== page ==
378

Lord of All Hopefulness

Scripture References

Further Reflections on Scripture References

The four stanzas begin by addressing God in terms of his attributes and then ask for specific blessings for morning, noon, evening, and night. Displaying a consistent literary structure, the text, according to Dearmer, "is indeed a lovely example of the fitting together of thought, words and music."

 

Psalter Hymnal Handbook

Confessions and Statements of Faith References

Further Reflections on Confessions and Statements of Faith References

Prayers and praise for the constant care of God are necessary for those who understand that God has appointed them to serve this world and one another: “Made in God’s image to live in loving communion with our Maker, we are appointed earth keepers and caretakers to tend the earth, enjoy it, and love our neighbors. God uses our skills for the unfolding and well-being of his world so that creation and all who live in it may flourish” (Our World Belongs to God, paragraph 10).

378

Lord of All Hopefulness

Tune Information

Name
SLANE
Key
E♭ Major
Meter
10.11.11.12

Recordings

378

Lord of All Hopefulness

Hymn Story/Background

Jan Struther, wrote this text at the request of Percy Dearmer, with whom she prepared the enlarged edition of Songs of Praise (1931). It was first published in that hymnal to the tune SLANE. According to Frank Colquhoun, the text "is a work with a warm human touch, a healthy spiritual tone, and well merits its popularity." It is one of the best examples of the "all-day" hymn texts (dealing with the whole day, from morning to evening).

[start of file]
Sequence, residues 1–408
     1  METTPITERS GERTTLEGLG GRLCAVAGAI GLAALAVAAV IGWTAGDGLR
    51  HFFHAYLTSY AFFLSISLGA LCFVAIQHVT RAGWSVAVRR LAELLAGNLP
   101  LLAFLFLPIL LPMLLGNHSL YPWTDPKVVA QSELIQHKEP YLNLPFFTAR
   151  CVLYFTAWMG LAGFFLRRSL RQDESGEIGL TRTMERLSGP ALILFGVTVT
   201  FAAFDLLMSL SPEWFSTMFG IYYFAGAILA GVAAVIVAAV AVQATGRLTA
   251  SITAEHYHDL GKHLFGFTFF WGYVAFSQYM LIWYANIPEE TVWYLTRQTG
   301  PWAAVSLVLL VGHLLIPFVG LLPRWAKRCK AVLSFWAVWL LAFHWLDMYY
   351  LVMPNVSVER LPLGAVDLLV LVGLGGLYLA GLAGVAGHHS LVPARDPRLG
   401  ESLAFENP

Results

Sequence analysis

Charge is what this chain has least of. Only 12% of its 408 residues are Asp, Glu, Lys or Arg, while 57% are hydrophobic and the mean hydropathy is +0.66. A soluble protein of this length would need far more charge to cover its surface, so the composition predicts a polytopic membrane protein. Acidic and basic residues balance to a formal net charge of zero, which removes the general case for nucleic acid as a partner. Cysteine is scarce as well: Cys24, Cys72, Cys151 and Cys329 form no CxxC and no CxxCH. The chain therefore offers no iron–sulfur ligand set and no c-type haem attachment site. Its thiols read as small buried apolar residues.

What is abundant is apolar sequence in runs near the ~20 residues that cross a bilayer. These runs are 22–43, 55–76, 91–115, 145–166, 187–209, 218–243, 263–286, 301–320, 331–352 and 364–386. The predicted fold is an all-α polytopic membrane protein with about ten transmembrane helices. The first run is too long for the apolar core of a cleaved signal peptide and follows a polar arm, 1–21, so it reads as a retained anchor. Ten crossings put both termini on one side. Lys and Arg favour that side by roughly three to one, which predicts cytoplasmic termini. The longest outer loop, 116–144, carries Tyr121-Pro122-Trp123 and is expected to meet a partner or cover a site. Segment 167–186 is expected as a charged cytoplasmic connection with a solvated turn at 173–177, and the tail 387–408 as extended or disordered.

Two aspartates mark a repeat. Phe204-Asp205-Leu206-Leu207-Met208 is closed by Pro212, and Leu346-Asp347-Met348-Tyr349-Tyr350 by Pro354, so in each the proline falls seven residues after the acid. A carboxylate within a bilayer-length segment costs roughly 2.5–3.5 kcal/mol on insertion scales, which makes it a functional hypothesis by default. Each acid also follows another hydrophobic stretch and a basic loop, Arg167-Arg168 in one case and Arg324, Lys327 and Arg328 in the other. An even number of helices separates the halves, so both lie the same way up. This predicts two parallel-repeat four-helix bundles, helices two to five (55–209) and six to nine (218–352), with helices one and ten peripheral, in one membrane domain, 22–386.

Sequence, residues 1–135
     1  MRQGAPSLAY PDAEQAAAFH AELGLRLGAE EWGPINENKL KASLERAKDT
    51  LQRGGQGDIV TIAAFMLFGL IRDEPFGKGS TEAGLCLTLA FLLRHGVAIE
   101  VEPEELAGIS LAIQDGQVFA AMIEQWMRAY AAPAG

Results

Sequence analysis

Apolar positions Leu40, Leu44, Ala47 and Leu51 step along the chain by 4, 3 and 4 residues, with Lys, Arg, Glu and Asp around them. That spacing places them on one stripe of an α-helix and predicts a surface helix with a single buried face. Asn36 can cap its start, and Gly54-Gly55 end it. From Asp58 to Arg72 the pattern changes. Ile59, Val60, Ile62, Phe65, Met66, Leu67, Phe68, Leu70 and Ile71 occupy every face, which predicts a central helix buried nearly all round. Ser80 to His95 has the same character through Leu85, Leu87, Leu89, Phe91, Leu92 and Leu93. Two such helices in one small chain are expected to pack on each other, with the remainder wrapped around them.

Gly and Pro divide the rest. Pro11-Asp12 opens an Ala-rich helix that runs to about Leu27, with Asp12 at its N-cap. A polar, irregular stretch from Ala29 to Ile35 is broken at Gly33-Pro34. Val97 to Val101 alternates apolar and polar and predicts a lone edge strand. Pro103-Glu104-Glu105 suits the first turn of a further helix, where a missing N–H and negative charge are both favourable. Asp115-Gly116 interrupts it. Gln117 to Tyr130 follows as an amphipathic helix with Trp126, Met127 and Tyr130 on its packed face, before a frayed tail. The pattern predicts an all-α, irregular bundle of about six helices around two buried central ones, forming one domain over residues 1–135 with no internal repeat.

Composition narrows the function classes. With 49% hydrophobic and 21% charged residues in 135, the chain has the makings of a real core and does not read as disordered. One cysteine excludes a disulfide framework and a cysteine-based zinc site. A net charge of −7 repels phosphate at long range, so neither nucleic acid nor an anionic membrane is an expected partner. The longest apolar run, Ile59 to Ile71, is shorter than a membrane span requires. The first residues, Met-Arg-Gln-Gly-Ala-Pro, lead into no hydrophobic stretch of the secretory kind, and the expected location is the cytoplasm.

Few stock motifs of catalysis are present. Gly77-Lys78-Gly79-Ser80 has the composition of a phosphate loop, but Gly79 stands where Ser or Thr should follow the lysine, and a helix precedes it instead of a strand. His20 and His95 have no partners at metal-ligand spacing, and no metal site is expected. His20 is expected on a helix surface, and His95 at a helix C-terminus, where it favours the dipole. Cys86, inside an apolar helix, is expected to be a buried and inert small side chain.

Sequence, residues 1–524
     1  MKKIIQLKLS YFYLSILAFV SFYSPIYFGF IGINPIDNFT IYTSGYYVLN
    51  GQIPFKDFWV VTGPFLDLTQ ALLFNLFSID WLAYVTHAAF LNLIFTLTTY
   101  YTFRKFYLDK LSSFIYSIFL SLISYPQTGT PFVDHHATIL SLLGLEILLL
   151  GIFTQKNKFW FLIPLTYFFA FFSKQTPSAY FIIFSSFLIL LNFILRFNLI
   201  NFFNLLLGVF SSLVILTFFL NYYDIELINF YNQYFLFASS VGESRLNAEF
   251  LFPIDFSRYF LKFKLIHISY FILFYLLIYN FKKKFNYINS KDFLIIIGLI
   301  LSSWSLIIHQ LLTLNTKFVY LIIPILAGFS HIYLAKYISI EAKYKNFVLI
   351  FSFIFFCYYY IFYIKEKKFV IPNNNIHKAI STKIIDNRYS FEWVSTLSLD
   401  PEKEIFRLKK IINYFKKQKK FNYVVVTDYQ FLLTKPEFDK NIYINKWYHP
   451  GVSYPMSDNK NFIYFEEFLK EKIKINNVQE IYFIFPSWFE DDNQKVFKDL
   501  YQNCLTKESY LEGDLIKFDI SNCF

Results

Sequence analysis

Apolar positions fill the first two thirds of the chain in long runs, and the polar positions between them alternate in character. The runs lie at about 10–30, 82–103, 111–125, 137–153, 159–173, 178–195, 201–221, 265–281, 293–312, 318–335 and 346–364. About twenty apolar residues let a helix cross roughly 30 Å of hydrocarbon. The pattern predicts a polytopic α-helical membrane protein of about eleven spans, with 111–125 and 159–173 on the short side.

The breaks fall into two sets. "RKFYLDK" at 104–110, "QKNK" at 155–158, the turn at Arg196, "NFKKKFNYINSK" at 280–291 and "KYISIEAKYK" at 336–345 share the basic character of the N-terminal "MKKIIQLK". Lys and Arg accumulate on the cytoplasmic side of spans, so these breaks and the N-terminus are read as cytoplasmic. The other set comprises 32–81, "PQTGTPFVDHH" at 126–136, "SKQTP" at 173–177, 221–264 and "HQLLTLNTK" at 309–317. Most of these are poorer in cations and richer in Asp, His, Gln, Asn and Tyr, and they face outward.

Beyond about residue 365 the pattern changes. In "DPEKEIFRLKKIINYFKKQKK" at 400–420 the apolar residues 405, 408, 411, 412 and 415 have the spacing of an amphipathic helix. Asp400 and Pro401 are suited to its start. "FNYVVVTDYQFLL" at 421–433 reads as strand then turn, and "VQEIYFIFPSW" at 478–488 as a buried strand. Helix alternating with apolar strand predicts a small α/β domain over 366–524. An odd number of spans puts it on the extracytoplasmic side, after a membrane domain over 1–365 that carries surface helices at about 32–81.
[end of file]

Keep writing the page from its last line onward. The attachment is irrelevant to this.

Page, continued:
The four stanzas begin by addressing God in terms of his attributes and then ask for specific blessings for morning, noon, evening, and night. Displaying a consistent literary structure, the text, according to Dearmer, "is indeed a lovely example of the fitting together of thought, words and music."
 
SLANE is an old Irish folk tune associated with the ballad 'With My Love Come on the Road" in Patrick W. Joyce's Old Irish Folk Music and Songs (1909). It became a hymn tune when it was arranged by David Evans and set to the Irish hymn "Be Thou My Vision" published in the Church Hymnary (1927). SLANE is named for a hill in County Meath, Ireland, where St. Patrick's lighting of an Easter fire–an act of defiance against the pagan king Loegaire (fifth century)—led to his unlimited freedom to preach the gospel in Ireland.
 
SLANE is an attractive tune with phrases that demonstrate a wide range and creative melodic patterns. The harmonization, one of two settings in The Hymnal 1982, is accessible to good singers (especially to low basses!), but most congregations may prefer unison throughout. Support the singing with rather light but energetic accompaniment.
— Bert Polman

Author Information

Joyce Torrens-Graham (b. Westminster, London, England, 1901; d. New York, NY, 1953) wrote many poems and essays under the pen name of Jan Struther (derived from her mother's maiden name, Eva Anstruther). In addition to her pen name, Struther also had the married names of Mrs. Anthony Maxtone Graham and, from a second marriage, Mrs. Adolf Kurt Placzek. During World War II she moved with her children to New York City and remained there until her death. In England she is best known for her novel Mrs. Minivers (1940), which consists of sketches of British family life before World War II. Immensely popular, the book was later made into a movie. Struther also wrote comic and serious poetry, essays, and short stories, published in Betsinda Dances and Other Poems (1931), Try Anything Twice (1938), The Glass Blower (1941), and, posthumously, The Children's Bells (1957). Songs of Praise (1931) included twelve of her hymn texts.
— Bert Polman
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